How can it then be addressed effectively?

Relying on addicts to stop their addiction is not going to work. Neither will legislation, since Facebook can all too easily be accessed through computers or smartphones.

The Star Says…

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Importance of Technology in the Classroom

Wednesday, January 18th, 2012
Importance of Technology in the Classroom

Technology is either a boon or bane, depends how and for what purpose it’s being used. If technology is used to cure diseases in people, to help people communicate with each other across geographical boundaries, to reduce human effort by making things simple, easy and accessible, it indeed is a boon. However, if science and technology is used to prepare nuclear bombs or other weapons of war, it is harmful. As pros and cons of technology have always been debated, with some people arguing that its the best thing to have happened to human race and some totally against it, it is often wondered should the children, the future of mankind, be introduced to technology at a young age in schools? What is the importance of technology in classrooms? Let’s find out the answers…

Importance of Technology in the Classroom

Active Participation
When students are learning through technology, they are themselves looking for information on the Internet. They make their own decisions regarding the information i.e. whether it is relevant or irrelevant. They have control over how to use or present this information. Thus, one of the main benefits of using technology for classrooms is that unlike a teacher-led classroom, where students passively receive whatever information the teacher is providing, in tech savvy classrooms, students are active participants.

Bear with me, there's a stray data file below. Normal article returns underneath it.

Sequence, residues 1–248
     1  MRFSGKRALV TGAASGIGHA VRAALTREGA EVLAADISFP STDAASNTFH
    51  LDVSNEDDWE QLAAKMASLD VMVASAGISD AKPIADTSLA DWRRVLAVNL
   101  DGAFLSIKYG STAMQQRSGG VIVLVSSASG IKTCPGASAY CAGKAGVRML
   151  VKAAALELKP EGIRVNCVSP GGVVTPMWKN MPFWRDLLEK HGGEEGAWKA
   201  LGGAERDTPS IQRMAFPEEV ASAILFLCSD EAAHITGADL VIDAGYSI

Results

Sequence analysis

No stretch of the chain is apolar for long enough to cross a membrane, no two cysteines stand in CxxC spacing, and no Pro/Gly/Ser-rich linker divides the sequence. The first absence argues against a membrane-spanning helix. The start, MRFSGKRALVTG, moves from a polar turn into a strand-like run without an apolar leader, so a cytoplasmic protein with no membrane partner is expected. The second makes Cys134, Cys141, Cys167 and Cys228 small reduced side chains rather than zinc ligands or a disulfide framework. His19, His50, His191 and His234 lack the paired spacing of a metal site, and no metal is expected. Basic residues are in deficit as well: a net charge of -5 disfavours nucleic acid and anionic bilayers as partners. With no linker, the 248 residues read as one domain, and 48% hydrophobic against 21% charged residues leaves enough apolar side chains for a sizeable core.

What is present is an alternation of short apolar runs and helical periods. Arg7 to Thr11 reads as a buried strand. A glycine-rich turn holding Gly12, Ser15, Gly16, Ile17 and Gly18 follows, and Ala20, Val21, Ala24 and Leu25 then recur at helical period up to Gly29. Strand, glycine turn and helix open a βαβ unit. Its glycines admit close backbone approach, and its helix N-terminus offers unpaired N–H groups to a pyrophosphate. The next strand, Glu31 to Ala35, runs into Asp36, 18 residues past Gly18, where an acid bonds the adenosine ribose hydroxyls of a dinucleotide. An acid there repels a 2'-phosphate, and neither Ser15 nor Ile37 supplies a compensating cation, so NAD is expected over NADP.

In-depth Knowledge
Jon Stewart once commented, “The Internet is just a world passing around notes in a classroom.” By using the Internet technology, obtaining information on all kinds of subjects has become very easy. A student sitting in his classroom can learn how people in a small village in Africa live life. Thus, Internet is a kind of library which is at the disposal of a student with just a click. A student can acquire in-depth knowledge on any subject using this vast resource.

Real-life Work Experience
The importance of technology in the classroom can be gauged from the fact that it offers an experience to students similar to the working environment that one sees in offices. In technology savvy classrooms, a teacher acts as a facilitator who sets project goals for the students and provides them with the necessary resources and guidelines to reach those goals. The student himself makes decisions with regards to the design choices, the information he wants to use and display, the resources that he will use. You may read more on the importance of science and technology. Moreover, these days, students themselves are very tech savvy and may sometimes even know more than the teacher himself. So, there is a constant exchange of information between the students and the teachers. Such an environment prepares a student to work in business organizations in the future.

Increased Motivation
Researches have shown that there is great importance of integrating technology in the classroom. When students are taught through slide shows or by showing films, it makes the lessons very easy and interesting for them. It helps in their learning, at the same time motivates them to attend school everyday. Thus, another importance of technology in schools is that it brings down the drop-out rates.

Technical Skills
Using computers on a daily basis, helps the students in developing an understanding of the various computer tools and softwares. This kind of education prepares the students and makes it easier for them to learn about the various software applications in future. You may read more on why is technology so important today. This very well defines the importance of computers in the classroom.

by Aastha Dogra.